WILLIAM AUGUSTUS SCHWARTZ.
This leading lawyer, influential citizen and prominent financier and industrial promotor, whose whole life to this time (1911), excepting while he was in school and college, has been passed at Carbondale, seems to have the touch of Midas without the sordidness of that unhappy monarch. Everything he puts his hand to in a professional or business way thrives and brings in good returns, but the results are used for the benefit of others in manifestations of enterprise and public spirit which show that he is deeply interested in the welfare of his city and county and the comfort and progress of their people in every worthy and proper way.
Mr. Schwartz was born on a farm in Elk township, Jackson county, Illinois, on February 28, 1853, and is a son of William and Sarah (Kimmel) Schwartz. His father was one of the prosperous and prominent farmers and stock breeders of Jackson county, and took a considerable interest in public affairs. He was a member of the state legislature in 1870-71, and died during his term of office, in the height of his usefulness and in the prime of life.
His son, William Augustus Schwartz, began his academic education in the public schools, continued it in Carthage College, and completed it at the Southern Illinois Normal University. After leaving the last named institution he attended Union Law College in Chicago, and was admitted to the bar in 1879. Following his admission to the bar he located in Carbondale, and ever since has been actively engaged in the practice of his profession in the county of his birth, and adjoining counties, and for many years also in the higher courts of the state and in United States Court. He has served one tern as state's attorney in this county, and as school trustee for some years, although his ambition has never been in the line of public office, but rather in the domain of financial operations and in the development of large industrial enterprises. In 1892 he helped to organize the First National Bank of Carbondale with a capital stock of fifty thousand dollars and the late F. A. Prickett as president. Mr. Prickett died August 31, 1903, and directly after that event Mr. Schwartz, whose influence and service in promoting the interests of the bank as a director from the start had been very greatly and highly appreciated, was chosen president to succeed Mr. Prickett. He has held that office and directed the policy and course of the institution ever since, and it has grown and prospered under his wise and progressive management. In 1911 the bank had accumulated an undivided surplus amounting to fifteen thousand dolars, with a much increased and rapidly expanding volume of business, and a steadily strenghtening hold upon the confidence and high regard of the business world around it. But the exacting claims of the bank on his time and attention, and those of his large legal practice, were insufficient to absorb all his energies or completely employ the faculties of his active and comprehensive mind. In 1897 he found an additional field for their exercise in helping to organize the Carhondale Trust and Savings Bank, of which he was made president at the time, and has been ever since. This institution has also flourished and thriven through his energy and skill as a financier and his foresight and enterprise as a controlling force, which have been freely applied to it.
His business capacity and tireless diligence in the use of it have found still other fruitful channels of expression through the Carbondale Mill and Elevator Company, the Carbondale and Marion Telephone Company,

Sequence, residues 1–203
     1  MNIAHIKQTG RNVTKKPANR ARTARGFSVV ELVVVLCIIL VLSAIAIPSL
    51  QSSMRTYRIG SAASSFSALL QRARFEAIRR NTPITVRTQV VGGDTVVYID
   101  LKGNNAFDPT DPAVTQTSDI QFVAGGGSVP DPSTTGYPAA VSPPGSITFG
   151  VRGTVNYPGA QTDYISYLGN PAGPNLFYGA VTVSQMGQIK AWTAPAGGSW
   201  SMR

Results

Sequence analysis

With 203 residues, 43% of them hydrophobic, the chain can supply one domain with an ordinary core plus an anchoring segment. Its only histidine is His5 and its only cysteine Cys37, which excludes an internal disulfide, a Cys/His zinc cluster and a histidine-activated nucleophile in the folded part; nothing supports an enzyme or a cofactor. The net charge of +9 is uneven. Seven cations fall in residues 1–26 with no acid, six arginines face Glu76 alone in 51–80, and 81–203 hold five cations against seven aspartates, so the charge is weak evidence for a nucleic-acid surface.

the Ohio-Mississippi Valley Telephone Company, and the Missouri State Life Insurance Company of St. Louis, all of which he helped to organize, and each of which he has served zealously for years as a member of its directorate. These institutions have all been of considerable advantage to him personally and of great benefit to the public in many ways by means of their ever widening currents of business and their productive activities.
In his profession Mr. Schwartz stands deservedly high because of his ability and acumen as a lawyer, his extensive legal knowledge and his industrious devotion to his professional duties, notwithstanding the other exhaustive domains of business which lay him under such heavy tribute by their requirements, all of which he meets with ease and promptness and in the most successful manner, by reason of the resourcefulness of his versatile and comprehensive mind and his commanding genius for close and unremitting application to whatever he has in hand.
In his political faith and allegiance Mr. Schwartz is allied with the Democratic party, and while he has never been desirous of political honors or emoluments of office for himself, he has been a faithful worker for the success of the party because of his strong conviction of the correctness of its principles. In the early eighties he served as chairman of its county central committee, and proved himself a valiant and resourceful leader in its campaign. His religious connection is with the Christian church, and he is an elder in its organization and government. For the past seventeen years he has been an officer and an active worker in the Jackson County Sunday-School Association. Fraternally Mr. Schwartz belongs to the Masonic order and to its adjunct, the Order of the Eastern Star, in both of which he is earnest in his interest and energetic and practical in the service he renders. Mr. Schwartz has never married. He has shared his mother's home all his life, and his dearest ambition has been to make that home a comfortable and happy abiding place for her declining years, an ambition which it is safe to say he has fully realized. He has one brother living, George Schwartz, and one sister, Mrs. Ellen Hays. Two brothers, Henry and Daniel, and three sisters, Isabel, Laura and Lucy, died before they reached their legal majority.